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The performance of the Revolution or any magnetic compass depends on how well its parameters are adjusted for the operating environment. Accuracy, repeatability, speed of response, rejection of anomalous measurements, and power consumption can be optimized by careful tuning of coefficients that adapt the compass to different conditions. For example, in a hand-held surveying application, low power consumption and high accuracy are important for intermittent samples. Operating in SAMPLE mode would be appropriate, and automatically entering sleep mode between samples would minimize power consumption. Parameters used only in RUN mode can be ignored. These include settings for magnetic and tilt filters; settings for the magnetic alarm; and settings for the non-linear heading filter.

In contrast, automatic antenna positioning requires continuous measurements in the presence of mechanical noise and magnetic anomalies. The RUN mode of operation is required, and settings for filters and alarms must be adjusted to account for operating conditions. If fast, large-angle movements are to be ignored, the non-linear heading filter can be enabled. If vibration from engine noise, ocean waves, or nearby heavy equipment causes liquid tilt sensor oscillation, the rate gyros (Revolution GS only) should be enabled and the complementary filter time constant is set to optimize tilt angle estimation.

For all applications, the compass accuracy should be verified in-situ by performing a magnetic calibration. This entails first capturing a vertical reference in a nearby location free of magnetic interference, then taking measurements about a circle with the compass mounted in place. The vertical reference can be skipped if you are convinced that there is no vertical component of hard iron.

Factors Affecting Accuracy

There are a number of factors that can potentially affect the accuracy and repeatability of the compass. The following list explains the mechanism of each factor and presents an order of magnitude of its effect on accuracy.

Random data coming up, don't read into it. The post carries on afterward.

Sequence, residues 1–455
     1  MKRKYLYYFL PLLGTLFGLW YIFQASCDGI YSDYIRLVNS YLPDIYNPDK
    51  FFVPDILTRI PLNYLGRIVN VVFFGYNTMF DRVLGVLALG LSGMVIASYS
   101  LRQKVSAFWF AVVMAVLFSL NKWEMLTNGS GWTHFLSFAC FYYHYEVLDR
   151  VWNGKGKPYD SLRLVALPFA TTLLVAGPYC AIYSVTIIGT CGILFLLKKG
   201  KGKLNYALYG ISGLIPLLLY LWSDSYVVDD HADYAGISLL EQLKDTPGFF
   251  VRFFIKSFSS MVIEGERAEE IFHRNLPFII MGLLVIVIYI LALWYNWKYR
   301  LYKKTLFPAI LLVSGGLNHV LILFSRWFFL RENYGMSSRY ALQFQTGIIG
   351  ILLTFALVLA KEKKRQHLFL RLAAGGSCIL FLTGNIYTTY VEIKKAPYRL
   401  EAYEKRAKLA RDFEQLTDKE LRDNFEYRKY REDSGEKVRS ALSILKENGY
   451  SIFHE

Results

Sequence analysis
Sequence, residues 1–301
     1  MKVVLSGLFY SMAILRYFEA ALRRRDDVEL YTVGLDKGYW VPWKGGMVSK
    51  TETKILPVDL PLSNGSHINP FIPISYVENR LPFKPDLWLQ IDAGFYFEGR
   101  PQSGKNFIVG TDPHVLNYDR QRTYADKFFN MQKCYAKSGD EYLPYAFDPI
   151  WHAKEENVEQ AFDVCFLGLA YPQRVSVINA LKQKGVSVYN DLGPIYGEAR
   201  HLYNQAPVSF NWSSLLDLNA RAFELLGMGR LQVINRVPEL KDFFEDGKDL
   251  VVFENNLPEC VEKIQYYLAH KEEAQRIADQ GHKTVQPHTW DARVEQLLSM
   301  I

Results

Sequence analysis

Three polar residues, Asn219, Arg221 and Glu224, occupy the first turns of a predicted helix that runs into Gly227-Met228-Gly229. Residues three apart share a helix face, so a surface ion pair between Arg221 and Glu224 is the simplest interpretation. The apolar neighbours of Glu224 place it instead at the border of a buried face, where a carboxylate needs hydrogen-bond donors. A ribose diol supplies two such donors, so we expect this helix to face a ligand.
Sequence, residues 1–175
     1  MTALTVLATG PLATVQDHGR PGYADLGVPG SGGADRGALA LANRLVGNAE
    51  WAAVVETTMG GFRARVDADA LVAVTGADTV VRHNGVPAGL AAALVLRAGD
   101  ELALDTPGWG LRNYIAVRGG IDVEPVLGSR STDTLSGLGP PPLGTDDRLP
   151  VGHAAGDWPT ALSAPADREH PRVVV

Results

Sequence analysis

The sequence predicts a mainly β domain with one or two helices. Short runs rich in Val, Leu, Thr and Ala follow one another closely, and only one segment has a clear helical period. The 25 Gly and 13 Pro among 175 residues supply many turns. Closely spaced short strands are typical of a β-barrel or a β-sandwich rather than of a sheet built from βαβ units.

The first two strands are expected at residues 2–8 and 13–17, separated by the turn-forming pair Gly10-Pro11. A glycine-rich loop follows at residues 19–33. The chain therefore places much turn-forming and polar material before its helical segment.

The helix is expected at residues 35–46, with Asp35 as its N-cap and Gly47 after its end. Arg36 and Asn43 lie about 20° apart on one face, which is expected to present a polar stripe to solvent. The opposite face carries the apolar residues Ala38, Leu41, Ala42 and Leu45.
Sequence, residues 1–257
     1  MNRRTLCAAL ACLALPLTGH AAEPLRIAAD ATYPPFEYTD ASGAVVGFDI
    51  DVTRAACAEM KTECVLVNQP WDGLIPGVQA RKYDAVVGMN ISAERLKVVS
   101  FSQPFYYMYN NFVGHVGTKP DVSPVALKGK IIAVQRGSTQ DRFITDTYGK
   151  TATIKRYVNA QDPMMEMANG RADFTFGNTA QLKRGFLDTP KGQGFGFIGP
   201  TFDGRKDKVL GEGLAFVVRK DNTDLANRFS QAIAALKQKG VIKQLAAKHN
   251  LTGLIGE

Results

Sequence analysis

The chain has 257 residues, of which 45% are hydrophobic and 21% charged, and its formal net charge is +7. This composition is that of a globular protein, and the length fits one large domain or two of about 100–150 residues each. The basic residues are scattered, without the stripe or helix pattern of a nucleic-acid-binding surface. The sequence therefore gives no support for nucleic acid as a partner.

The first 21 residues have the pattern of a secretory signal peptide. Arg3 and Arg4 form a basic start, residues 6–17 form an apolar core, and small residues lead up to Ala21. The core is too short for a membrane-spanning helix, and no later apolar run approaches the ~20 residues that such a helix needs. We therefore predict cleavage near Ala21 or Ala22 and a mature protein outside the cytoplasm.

Static Permanent Magnetism

The source of a local permanent magnetic field can be a piece of hard iron (hence the common name), a constant DC current, or some other type of magnet. This source of error can be significantly reduced by calibration. The curve in Figure 1 shows that a residual error of 0.1% of the earth’s magnetic field on both X and Y axes produces a peak accuracy error of 0.20° at 66° inclination (middle US).

The error varies sinusoidally with direction and produces a single cycle for each rotation of the compass. Phase depends on the signs and magnitudes of errors on each axis. The magnitude of the error depends on magnetic inclination because the residual hard iron error is expressed as a fraction of the total field strength.

Figure1

 

Figure 1 – Hard Iron Heading Error

Fortunately, a residual Z-axis error is less critical. This error comes into play only when the compass card is tilted from level. At 30° tilt, a Z-axis error of 0.3% would be required to produce the same 0.2° peak accuracy error at 66° dip. The accuracy error decreases with decreasing tilt.

This is fortunate because it can be difficult to determine the Z-axis hard iron coefficient. When the compass is mounted in a large vehicle, it is impractical to turn the vehicle over in order to get good calibration data. An estimate of the Z coefficient can be made as long as some tilted data is collected, but a reasonable estimate may still require tilt angles that can’t be achieved.